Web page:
The work on the Bangime language, spoken by the Bangande people, was carried out as part of a larger linguistic fieldwork project focused on Dogon languages. Bangime is confirmed as a language isolate with no demonstrable linguistic relatives—possibly the only such isolate in West Africa.
images of villages in Mali in which Najamba Kindige (Dogon family) is the primary language. Each file name contains important information about the photos, and are structured thus: LanguageFamily_Language_IdentificationNumber_GeographicCoordinate_Description_Date_InitialsOfThePhotographer
Tiranige is a Dogon language spoken in villages on the high plateau near the western edge of the Dogon (Bandiagara) plateau, and in villages at the base of the cliffs and slopes leading down from the plateau to the sandy plains. As of May 2018 I am still working on a drafted Tiranige grammar which I hope to complete in 2019. The grammar draft currently ends with six short texts transcribed from dictation. The only audio recording is therefore labeled Text 07. The speakers are Amadou Toloba and Boubacar Toloba. Most but not all of it (17.5 minutes out of about 22) has been partially transcribed. The plan is to complete the grammar and to transcribe and translate at least Text 07.
Najamba is spoken chiefly in villages on the edges of low cliffs flanking a long valley near Douentza in central Mali. It belongs to a cluster of languages/dialects including Kindige, spoken mostly along the main Douentza-Sevare highway, and the varieties around Borko on the (very) high plateau on the northwestern edge of the Dogon (Bandiagara) plateau. These varieties are often collectively called Bondu So, but this is an exonym. A grammar of Najamba was published electronically by Language Description Heritage Library in 2017 http://ldh.clld.org/2017/02/01/escidoc2397771/ It is backed up at Deep Blue documents. http://hdl.handle.net/2027.42/139022 One cassette was recorded (on one side only) in Kubewel village in 2004. Two cassettes were recorded in Adia village in 2005 in a single long session. These have been digitized. The inventory is: Kubewel: 2004-01 side A; Adia 2005-01 side A; 2005-01 side B; 2005-02 side A; 2005-02 side B. The 2004 tape had poor sound quality and was not transcribed. A substantial part of 2005-01 side A and 2005-02 side A was transcribed and translated in unpublished keyboarded documents in 2009 (see below). The material from 2005-01 side A was further edited and appeared as a single long text at the end of the published grammar. The unpublished documents included in this work are: transcriptions: Dogon Najamba 2005_01_A Adia text transcribed 2009; Dogon Najamba 2005_02_A Adia text transcribed 2009. translations: Dogon Najamba 2005_01_A Adia text translated 2009; Dogon Najamba 2005_02_A Adia text translated 2009
Bunoge is a Dogon language spoken in Boudou and two neighboring villages in central Mali. These texts were recorded in the original Boudou village (perched on a peak) in 2015. The content of the texts is: 2015-01 greetings and initial conversations; 2015-02 history of Boudou, part 1; 2015-03 history of Boudou, part 2; 2015-04 farming methods; 2015-05 carts and gardening; 2015-06 gardening; 2015-07 wells, road, and school; 2015-08 tale; 2015-09 tale. Heath, A grammar of Bunoge, is electronically published (2017) at Language Description Heritage Library http://ldh.clld.org/2017/03/01/escidoc2417511/ with backup copy at Deep Blue documents. http://hdl.handle.net/2027.42/139023 DOI is 10.17617/2.2417511 At the end of the grammar are formatted transcriptions/translations of 2015-02, 2015-03, 2015-05, 2015-08, and 2015-09. The remaining texts (2015-01, 2015-04, 2015-06, and 2015-07) have not been transcribed as of May 2018. I grant permission to other scholars to transcribe, translate, and/or analyse these texts.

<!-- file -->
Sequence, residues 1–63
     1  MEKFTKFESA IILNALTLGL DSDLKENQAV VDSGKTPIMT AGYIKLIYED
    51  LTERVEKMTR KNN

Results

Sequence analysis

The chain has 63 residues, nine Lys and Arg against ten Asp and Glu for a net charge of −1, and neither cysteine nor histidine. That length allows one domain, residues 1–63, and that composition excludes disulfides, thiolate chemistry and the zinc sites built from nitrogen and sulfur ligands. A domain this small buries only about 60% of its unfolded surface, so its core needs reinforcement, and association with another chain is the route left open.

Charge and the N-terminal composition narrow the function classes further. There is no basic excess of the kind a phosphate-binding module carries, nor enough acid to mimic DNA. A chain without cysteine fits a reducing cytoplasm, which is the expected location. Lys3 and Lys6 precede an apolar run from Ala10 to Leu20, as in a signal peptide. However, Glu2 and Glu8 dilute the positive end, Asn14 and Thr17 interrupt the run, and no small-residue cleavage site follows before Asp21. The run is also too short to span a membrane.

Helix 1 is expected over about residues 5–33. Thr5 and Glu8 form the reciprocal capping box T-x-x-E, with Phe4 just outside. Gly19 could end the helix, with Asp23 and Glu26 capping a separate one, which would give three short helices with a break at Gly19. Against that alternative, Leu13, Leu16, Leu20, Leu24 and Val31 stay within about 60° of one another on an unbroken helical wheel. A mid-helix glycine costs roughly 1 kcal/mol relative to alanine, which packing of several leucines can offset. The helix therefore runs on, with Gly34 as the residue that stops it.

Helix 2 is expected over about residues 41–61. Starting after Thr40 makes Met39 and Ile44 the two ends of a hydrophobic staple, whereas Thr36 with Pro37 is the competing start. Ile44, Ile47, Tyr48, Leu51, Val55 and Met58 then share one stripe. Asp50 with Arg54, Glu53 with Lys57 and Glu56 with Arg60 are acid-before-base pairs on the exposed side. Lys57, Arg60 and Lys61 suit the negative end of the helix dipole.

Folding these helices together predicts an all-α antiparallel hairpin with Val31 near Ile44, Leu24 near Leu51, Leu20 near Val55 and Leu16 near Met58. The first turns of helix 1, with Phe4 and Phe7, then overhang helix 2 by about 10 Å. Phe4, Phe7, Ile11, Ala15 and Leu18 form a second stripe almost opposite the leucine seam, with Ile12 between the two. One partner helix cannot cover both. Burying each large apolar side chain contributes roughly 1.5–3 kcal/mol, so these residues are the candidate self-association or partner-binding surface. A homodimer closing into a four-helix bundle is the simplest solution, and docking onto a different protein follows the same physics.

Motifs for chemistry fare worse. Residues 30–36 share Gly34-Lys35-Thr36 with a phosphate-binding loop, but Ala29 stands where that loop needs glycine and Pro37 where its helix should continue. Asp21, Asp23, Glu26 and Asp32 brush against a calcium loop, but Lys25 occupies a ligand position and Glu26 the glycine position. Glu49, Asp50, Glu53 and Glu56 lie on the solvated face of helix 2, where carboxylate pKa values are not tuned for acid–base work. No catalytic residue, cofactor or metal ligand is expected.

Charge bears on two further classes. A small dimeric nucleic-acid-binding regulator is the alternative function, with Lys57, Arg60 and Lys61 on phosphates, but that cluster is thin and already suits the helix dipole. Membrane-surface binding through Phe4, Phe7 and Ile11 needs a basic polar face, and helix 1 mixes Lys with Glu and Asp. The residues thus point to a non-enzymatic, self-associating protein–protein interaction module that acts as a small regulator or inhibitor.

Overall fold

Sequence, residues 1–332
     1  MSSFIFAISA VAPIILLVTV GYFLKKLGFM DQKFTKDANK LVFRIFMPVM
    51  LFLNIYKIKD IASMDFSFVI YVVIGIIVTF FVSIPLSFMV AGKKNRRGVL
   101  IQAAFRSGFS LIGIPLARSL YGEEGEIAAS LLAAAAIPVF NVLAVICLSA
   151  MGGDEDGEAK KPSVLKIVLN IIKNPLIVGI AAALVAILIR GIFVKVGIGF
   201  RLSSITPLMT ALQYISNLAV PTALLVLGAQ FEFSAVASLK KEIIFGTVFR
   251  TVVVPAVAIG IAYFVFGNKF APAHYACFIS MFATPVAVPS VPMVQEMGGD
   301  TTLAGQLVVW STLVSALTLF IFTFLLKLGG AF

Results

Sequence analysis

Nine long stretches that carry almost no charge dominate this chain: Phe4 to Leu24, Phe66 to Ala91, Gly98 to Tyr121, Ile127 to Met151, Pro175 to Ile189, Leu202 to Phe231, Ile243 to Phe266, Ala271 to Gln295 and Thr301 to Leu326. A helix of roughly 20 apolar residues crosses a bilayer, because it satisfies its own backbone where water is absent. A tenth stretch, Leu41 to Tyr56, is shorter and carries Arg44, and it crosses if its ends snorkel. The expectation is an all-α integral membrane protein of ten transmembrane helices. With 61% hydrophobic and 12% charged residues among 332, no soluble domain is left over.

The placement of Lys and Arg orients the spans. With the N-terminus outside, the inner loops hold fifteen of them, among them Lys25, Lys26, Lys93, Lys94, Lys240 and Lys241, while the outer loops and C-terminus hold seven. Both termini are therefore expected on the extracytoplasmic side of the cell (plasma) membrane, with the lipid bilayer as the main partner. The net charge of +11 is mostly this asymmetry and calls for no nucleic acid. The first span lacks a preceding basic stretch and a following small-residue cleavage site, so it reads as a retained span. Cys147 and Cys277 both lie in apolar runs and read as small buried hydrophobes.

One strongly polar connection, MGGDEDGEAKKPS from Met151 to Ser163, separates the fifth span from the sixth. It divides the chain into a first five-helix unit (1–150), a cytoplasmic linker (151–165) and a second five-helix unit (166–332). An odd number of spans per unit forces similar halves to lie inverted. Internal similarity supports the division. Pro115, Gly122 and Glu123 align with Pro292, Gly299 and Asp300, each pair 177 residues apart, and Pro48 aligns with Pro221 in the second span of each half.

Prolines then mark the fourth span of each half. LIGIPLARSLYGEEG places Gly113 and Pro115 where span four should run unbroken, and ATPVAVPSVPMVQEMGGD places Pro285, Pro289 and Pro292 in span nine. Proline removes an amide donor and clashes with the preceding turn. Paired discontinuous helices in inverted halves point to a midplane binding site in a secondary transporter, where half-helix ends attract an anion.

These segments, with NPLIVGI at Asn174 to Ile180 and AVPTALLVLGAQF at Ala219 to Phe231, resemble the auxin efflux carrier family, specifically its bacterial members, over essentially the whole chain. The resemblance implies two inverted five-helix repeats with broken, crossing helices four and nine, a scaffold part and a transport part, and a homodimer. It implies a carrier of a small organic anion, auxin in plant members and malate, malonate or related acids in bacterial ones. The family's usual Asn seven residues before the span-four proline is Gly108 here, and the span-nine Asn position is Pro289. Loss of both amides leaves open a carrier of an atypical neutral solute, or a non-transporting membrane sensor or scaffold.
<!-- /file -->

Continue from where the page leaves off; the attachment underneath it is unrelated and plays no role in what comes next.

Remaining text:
Images of villages in Mali in which Manding Bambara (Mande family) is the primary language. Each file name contains important information about the photos, and are structured thus: LanguageFamily_Language_IdentificationNumber_GeographicCoordinate_Description_Date_InitialsOfThePhotographer
Images of villages in Mali in which Fulankiriya (Songhayfamily) is the primary language. Each file name contains important information about the photos, and are structured thus: LanguageFamily_Language_IdentificationNumber_GeographicCoordinate_Description_Date_InitialsOfThePhotographer
Videos made in the course of linguistic fieldwork. Includes blacksmithing, hide tanning, weaving, cotton spinning, weaving, reed flute making, pottery making, and construction in Dogon villages, and exotic traditional hair styling in Hombori (Songhay). Some of the videos are "compilations" of many short clips, others are in standard documentary form.
This is the flora-fauna lexical material obtained in the course of more general lexical and grammatical fieldwork on languages of central-eastern Mali (Dogon, Songhay, Bangime, Bozo). The spreadsheets in this work, duplicated in xlsx and csv formants, present our flora-fauna lexicons as of early 2019 for many languages of central-eastern Mali, and certain languages of southwestern Burkina Faso. The Malian data is in two spreadsheets (flora, fauna), while the Burkina data is in separate spreadsheets for flora, birds, fish, insects, lizards and snakes, and mammals. Please begin with the “readme” document.